- quantity or amount: the least quantum of evidence.
- a particular amount.
- a share or portion.
- a large quantity; bulk.
- the smallest quantity of radiant energy, equal to Planck's constant times the frequency of the associated radiation.
- the fundamental unit of a quantized physical magnitude, as angular momentum.
- sudden and significant: a quantum increase in productivity.
Origin of quantum
- as much as suffices; enough.
Examples from the Web for quantum
Contemporary Examples of quantum
He majored in mathematical physics, studying mind-bending theories of quantum mechanics and partial differential equations.How the NSA Became a Killing Machine
November 9, 2014
Weird as the theory is, invoking “quantum physics” is not an escape clause from obeying physical laws.Dear NASA: Fuel-Free Rocket Thruster Is Literally Too Good to Be True
Matthew R. Francis
August 4, 2014
Each type of atom and molecule has its own unique spectrum, according to the rules of quantum mechanics.SAMI Is Like Google Earth for the Universe
Matthew R. Francis
July 27, 2014
Which is why it continues to go forward, even as the odds for success dip to the quantum level.The Obamacare Swindle
September 18, 2013
And they wield unheard of computing power; they manage to harness the immense amounts of information inherent in quantum waves.The Big Idea: Werner Loewenstein’s ‘Physics in Mind’
February 8, 2013
Historical Examples of quantum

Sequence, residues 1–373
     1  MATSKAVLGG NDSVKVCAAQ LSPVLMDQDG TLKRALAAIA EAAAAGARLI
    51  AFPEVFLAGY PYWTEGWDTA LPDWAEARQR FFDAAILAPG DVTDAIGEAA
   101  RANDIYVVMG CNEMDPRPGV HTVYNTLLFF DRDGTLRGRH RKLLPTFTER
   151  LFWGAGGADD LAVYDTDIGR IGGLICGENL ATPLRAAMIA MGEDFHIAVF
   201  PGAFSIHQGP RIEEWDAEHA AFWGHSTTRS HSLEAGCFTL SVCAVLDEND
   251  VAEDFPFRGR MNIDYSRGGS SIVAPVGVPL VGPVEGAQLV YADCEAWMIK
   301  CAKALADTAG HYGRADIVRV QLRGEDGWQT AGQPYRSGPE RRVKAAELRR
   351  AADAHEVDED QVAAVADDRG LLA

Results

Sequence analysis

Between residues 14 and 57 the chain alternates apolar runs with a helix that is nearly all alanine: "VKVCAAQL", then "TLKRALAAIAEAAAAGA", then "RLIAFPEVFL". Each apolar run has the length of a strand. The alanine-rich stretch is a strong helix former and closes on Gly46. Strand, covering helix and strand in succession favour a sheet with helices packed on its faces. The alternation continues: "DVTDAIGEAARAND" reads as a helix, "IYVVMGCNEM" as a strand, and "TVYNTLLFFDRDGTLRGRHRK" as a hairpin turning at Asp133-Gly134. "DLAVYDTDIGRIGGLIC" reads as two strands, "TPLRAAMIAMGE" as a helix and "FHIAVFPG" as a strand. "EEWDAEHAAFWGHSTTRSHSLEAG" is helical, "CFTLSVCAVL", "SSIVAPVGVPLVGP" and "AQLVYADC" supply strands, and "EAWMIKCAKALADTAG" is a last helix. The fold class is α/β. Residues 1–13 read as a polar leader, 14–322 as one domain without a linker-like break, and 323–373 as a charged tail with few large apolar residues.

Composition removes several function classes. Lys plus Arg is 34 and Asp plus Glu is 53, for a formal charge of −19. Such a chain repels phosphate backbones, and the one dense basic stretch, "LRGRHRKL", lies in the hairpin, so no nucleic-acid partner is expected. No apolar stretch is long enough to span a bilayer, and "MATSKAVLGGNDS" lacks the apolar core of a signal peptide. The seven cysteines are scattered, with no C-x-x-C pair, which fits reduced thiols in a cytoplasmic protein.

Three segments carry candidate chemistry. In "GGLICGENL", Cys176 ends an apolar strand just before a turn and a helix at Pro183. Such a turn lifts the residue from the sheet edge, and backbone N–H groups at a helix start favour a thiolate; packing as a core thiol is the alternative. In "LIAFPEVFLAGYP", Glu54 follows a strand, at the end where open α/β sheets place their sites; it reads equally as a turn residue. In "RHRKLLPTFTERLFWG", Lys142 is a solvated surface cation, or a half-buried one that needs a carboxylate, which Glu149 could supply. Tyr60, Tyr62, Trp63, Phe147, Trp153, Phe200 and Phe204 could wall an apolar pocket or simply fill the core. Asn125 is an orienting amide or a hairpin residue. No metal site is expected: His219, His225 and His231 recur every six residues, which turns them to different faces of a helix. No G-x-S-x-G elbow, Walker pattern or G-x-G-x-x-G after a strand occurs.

I have something to tell you,” said Brandon grinning, “about the quantum jump.The Quantum Jump
In respect to foreigners the only guide is that of "quantum meruit."The Sailor's Word-Book
William Henry Smyth
The only question then left was the quantum of damages, to be assessed by a jury.
Now, no matter what the quantum might have been, it loses energy in kicking the atom.The Ultimate Weapon
John Wood Campbell
Quantum sufficit, my boy,” he said; “but I will eat a few of your grapes.Marcus: the Young Centurion
George Manville Fenn
- the smallest quantity of some physical property, such as energy, that a system can possess according to the quantum theory
- a particle with such a unit of energy
- amount or quantity, esp a specific amount
- (often used with a negative) the least possible amount that can sufficethere is not a quantum of evidence for your accusation
- something that can be quantified or measured
- (modifier) loosely, sudden, spectacular, or vitally importanta quantum improvement
Word Origin for quantum
1610s, "one's share or portion," from Latin quantum (plural quanta) "as much as, so much as; how much? how far? how great an extent?" neuter singular of correlative pronomial adjective quantus "as much" (see quantity). Introduced in physics directly from Latin by Max Planck, 1900; reinforced by Einstein, 1905. Quantum theory is from 1912; quantum mechanics, 1922; quantum jump is first recorded 1954; quantum leap, 1963, often figurative.
- The smallest amount of a physical quantity that can exist independently, especially a discrete quantity of electromagnetic radiation.
- This amount of energy regarded as a unit.
- A quantity or an amount.
- A discrete, indivisible manifestation of a physical property, such as a force or angular momentum. Some quanta take the form of elementary particles; for example, the quantum of electromagnetic radiation is the photon, while the quanta of the weak force are the W and Z particles. See also quantum state.